I’ll be among the first to cheer when we have a viable, price-competitive alternative to the current internal combustion paradigm. Who wouldn’t want a vehicle that saved energy and was better for the environment? And whatever technology/system prevails, thanks to the early adopters who will have set the change in motion.

  9. michael says:

    Well….. sort of like Wii golf I guess.
    I certainly appreciate your enthusiasm for the technology but I think that industry is still in the early stages of developement.
    Have always been a Chevy fan myself. The Beach Boy’s may have immortalised the 409 but the 427 Rat was the last of the best.
    Some times I still pine for my 67 Camaro SS 350/350HP.
    Good luck with the Tesla I wish you well with it…..but Red??

  10. Cory says:

    Check out IBM’s project 500 (lithium air battery technology) tech and science folks are just starting to get serious about this stuff. The advancements are coming fast and furious as they are using their Big Blue super computers to determine best materials and combos for cathodes etc…fascinating area…energy storage of all kinds I mean.

    ps. If I could ever afford one it would be dark green w/ tan leather…gun metal grey rims.
    Reminiscent of the old E type Jag colors…w/out the knock-off wire wheels of course.
    Over and out. C.

  11. William says:

    Electricity is only an energy carrier, NOT an energy source. And how is that electricity generated ? By nuclear power plants ?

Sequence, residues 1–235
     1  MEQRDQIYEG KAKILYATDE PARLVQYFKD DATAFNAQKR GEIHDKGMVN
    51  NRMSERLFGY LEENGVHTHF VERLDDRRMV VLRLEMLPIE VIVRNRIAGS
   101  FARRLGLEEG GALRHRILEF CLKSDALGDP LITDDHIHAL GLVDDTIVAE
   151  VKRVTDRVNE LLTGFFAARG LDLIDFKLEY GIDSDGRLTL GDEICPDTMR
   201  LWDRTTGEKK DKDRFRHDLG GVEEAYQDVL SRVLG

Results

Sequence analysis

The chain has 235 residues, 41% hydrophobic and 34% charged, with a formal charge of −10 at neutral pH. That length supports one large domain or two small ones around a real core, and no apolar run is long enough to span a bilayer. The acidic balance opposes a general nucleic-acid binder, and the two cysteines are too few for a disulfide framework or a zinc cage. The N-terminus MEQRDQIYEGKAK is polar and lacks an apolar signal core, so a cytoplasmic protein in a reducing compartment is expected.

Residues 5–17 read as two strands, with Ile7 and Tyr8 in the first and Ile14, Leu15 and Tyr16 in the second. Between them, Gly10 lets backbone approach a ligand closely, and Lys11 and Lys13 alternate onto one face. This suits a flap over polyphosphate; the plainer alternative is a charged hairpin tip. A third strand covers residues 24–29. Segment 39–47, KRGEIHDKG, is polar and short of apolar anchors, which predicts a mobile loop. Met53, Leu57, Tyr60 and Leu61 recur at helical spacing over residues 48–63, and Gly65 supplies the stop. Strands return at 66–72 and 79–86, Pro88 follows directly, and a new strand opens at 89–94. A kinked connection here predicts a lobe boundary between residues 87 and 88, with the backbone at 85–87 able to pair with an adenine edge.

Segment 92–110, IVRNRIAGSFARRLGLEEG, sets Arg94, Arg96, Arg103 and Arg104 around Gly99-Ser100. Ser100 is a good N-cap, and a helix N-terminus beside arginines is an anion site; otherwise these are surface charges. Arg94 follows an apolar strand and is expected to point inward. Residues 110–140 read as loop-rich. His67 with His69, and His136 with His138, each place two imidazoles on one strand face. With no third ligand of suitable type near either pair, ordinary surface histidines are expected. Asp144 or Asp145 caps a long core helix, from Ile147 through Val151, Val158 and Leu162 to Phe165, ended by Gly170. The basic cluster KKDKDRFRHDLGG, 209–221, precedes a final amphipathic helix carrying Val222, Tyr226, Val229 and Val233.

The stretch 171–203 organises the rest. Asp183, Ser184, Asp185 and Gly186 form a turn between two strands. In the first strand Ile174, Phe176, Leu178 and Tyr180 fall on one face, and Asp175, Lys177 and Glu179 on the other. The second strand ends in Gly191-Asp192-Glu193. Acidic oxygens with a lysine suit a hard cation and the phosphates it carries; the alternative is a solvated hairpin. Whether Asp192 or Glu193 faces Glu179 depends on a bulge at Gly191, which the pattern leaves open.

12. Roberta says:

    That Tesla is no doubt a nice car and will be a fun toy for the few who want one and can afford it. If your retirement is fully funded (defined as having at least one ounce of gold in your possession for each month you, and your spouse if you have one, might expect to live) then you can afford it. If you are 60, you might expect to live 30 more years, or 360 months – if you are married and your spouse is also 60, then you need a minimum of 720 ounces. If you also have other assets, they will be icing on the cake – the PMs are the core, real assets.

    Honda produced the ~ 70 mpg Insight around the early 90s and the ~60 mpg CRX HF. Those mpg ratings were actual, slightly higher than EPA. Both were 2 seaters. They didn’t sell that many.

    I cannot afford a car for city driving and one for highway driving. Electric can’t go long distance so is of limited usefulness.

    Gasoline prices will have to go up significantly in the US before the sales of gas hogs decline. That isn’t the way it should be; just the way it is. With all the monster trucks and SUVs on the roads today I cannot blame people for not wanting a small fuel efficient vehicle – you are safer in the monster rig. It may take a nearly total economic collapse to force Americans to choose more fuel efficient vehicles – they are unlikely to do it until they have no other choice. They’ve known since the oil embargo of ~ 1973 that we needed to cut oil consumption, yet they still drive gas hogs. The people who do drive fuel efficient vehicles have allowed the price of gas to remain low so the rest could drive gas hogs.